Texas women's basketball coach Karen Aston doesn’t want her team to just settle for open looks. She’s not content with players spreading the floor and creating shot opportunities. Aston has a very specific demand.
In true Texas fashion, she sends her guards huntin’.
"Our guards looked for shots, they hunted shots and were aggressive, which opened up the post play,” Aston told Longhorn Network on Tuesday after Texas, the No. 5 seed in the Albany Regional of the NCAA tournament, knocked out No. 4 seed Cal 73-70. “We had a balanced attack."
Indeed, the Longhorns put four players in double figures against the Bears to advance to their first Sweet 16 in 11 years. To reach their first Elite Eight since 2003, however, Texas must beat No. 1 Connecticut on Saturday afternoon. How unlikely would a win over the two-time defending champion Huskies be? ESPN’s FiveThirtyEight algorithm puts the Longhorns’ chance at 1 percent.
In order to pull such an unlikely upset, there are three things Texas must do:
1. Own the paint
The Longhorns have surrendered 29.8% shooting on three-pointers this season, good for 87th in the nation, but their overall field goal percentage defense is 20th-best. They allowed Cal to connect on 11 treys Sunday night in exchange for outscoring the Bears 46-18 in the paint (Cal averages 36.7).
Against UConn, Texas will face a pair of All-America forwards, junior Breanna Stewart and senior Kaleena Mosqueda-Lewis. Shutting down penetration and pushing the Huskies to settle for jumpers will be imperative. UConn is not afraid to shoot—like Cal, the Huskies connected on 11 triples against Rutgers in the Round of 32—but it might be vulnerable inside. Even the eighth-seeded Scarlet Knights only finished with a four-point frontcourt deficit against Geno Auriemma's team.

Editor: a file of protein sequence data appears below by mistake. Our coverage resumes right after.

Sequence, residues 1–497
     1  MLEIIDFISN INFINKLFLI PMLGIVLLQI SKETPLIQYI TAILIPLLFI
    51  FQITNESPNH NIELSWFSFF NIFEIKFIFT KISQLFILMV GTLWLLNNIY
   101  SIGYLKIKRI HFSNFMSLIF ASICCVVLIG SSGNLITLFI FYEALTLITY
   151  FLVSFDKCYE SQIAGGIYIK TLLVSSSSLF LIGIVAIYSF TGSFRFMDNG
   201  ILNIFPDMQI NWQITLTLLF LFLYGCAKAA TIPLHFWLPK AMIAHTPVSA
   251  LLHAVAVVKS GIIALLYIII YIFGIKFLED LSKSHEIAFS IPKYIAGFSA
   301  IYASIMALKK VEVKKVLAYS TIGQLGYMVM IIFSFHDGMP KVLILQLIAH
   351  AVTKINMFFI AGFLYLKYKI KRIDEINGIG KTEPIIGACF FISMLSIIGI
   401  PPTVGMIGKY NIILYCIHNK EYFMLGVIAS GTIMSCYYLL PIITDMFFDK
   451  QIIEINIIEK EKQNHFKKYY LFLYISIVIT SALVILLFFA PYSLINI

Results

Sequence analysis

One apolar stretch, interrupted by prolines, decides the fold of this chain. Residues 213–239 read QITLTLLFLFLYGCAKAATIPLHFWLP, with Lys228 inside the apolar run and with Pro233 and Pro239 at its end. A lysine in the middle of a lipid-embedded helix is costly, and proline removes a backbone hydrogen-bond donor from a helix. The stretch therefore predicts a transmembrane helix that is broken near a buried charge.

2. Center of attention
Imani McGee-Stafford, a 6'7" junior center, will be key, as she will be the tallest player on the floor. After averaging 10 points per game this season, she has nearly doubled her production to 19.7 points in her last three games and has double-doubles in her last four outings. Still, she knows that doesn't guarantee a similar performance her next time out.
"Yesterday’s yesterday and tomorrow is going to be tomorrow—I don’t think I can carry anything over except for confidence,” McGee-Stafford told reporters before playing Cal.
McGee-Stafford’s impact is deeper than her stats suggest. In addition to her scoring, her post presence does wonders for Texas’ spacing. She’s seen double and triple coverage this season, freeing up her teammates.
"It’s uplifting. it just helps us as a team, collectively, to know that Imani has us on the boards and has our back,” junior guard Empress Davenport said.
3. Get help
The trust and chemistry Davenport spoke of will make or break the Longhorns’ offense and defense. McGee-Stafford’s maturation into a less foul-prone player has helped keep her on the floor longer. When the Horns throw her and 6’5” sophomore center Kelsey Lang in the paint together, they can clog the lane and force turnovers. Against Cal, Texas capitalized for nine steals.
Those steals energized guards like Davenport and Brooke McCarty. McCarty, a 5'4" freshman guard, scored seven points in the last 49 seconds against the Bears to secure the victory. On one play, Aston later said, the coaches drew up a drive and handoff to McGee-Stafford or Lang. But McCarty deviated from the plan and finished in the lane.
"That play was one of the biggest of the game,” Aston said.
In November, Texas would have welcomed a matchup with UConn. The Longhorns topped Stanford on Nov. 20 in overtime just three days after the Cardinal handed the Huskies their only loss in their last 81 games. Texas was 3-0 and headed for a 13-0 start, but it then lost eight of its next 10 games before recovering to win nine of 11 heading into the Sweet 16.
The Longhorns are 28 1/2 point underdogs to UConn, but their upward swing suggests a closer game than many predict.
Saturday, the Horns are going huntin'.